Avatar reviewed

It’s been 12 years since director James Cameron wowed the world with Titanic, the most successful film of all time, as well as only 1 of 3 movies to ever win a jaw-dropping 11 Academy Awards (the others being Ben-Hur and The Lord of the Rings: The Return of the King). Now Cameron is back and captivating audiences once more with an epic sci-fi fantasy adventure that is assured of (flawed) classic status.


Avatar is set in 2154 and centres on the alien moon of Pandora, where profit-hungry humans have initiated a military-backed mining operation to seize the planet’s rare mineral resources. The problem though is that Pandora is an exceptionally hostile world, and its native population, the Na’vi – giant, blue-skinned warriors and nature worshippers – are highly distrustful of the “Sky People.”

Dr. Grace Augustine (Sigourney Weaver) and her team of scientists have had some success interacting with the Na’vi through the control of genetically engineered, hybrid Na’vi-human bodies (Avatars), but true progress is only achieved when crippled Marine Jake Sully (Sam Worthington) is recruited to replace his dead twin brother as an Avatar operator. While Grace tends to view her work as a diplomatic and anthropological experiment, Jake embraces the adventure his new body provides and soon finds himself accepted by a Na’vi clan. Fierce but spiritually-attuned Neytiri (Zoë Saldaña) is charged with educating Jake in the ways of the Na’vi culture, which he soon comes to love. But this puts Jake in direct opposition to his former ally, head of human security Colonel Miles Quaritch (Stephen Lang), who is intent on destroying the local population.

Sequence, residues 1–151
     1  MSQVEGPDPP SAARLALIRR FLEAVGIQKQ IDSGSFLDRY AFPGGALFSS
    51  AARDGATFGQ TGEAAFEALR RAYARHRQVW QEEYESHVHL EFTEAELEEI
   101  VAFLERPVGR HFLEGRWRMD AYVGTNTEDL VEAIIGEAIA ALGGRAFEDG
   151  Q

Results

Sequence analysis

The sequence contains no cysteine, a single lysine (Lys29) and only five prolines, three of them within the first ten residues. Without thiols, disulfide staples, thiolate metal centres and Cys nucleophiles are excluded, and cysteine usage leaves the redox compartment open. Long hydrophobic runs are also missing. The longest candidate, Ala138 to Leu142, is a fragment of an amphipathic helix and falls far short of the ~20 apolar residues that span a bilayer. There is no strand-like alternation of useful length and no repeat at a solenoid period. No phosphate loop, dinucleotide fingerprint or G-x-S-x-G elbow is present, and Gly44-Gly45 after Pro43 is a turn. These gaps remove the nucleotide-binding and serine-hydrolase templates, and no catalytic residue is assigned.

I’ll say upfront that Avatar is certainly not the Best Film of the Year. Its storyline is way too clichéd and predictable for that. However, Avatar is certain to dominate all the technical categories this awards season. Sorry Watchmen! From the instant Jake Sully comes out of cryo-sleep and wheels himself down onto the surface of Pandora, the audience is filled with a sense of wonder that can only be compared to the first time watching Jurassic Park or The Fellowship of the Ring.

What separates Avatar from so many of today’s special effects bonanzas is its immersiveness. At no point is the viewer encouraged to step back from the film experience, disengage their emotions and coolly appreciate the CGI-wizardry that has made this world possible. From the get-go you accept what you are seeing as “real,” and intellectual assessment of the visuals goes out the window. George Lucas, please compare Avatar to your overly slick, clearly artificial creations and take notes.


Robert Zemeckis too, given his current obsession with performance capture-based animation, could also learn a lot from the groundbreaking techniques that Cameron uses to realise the Na’vi and Avatars onscreen. The characters are not dead-eyed dolls. They’re credible, emotive creatures that allow the performances of Worthington, Saldana and others to shine through the CGI.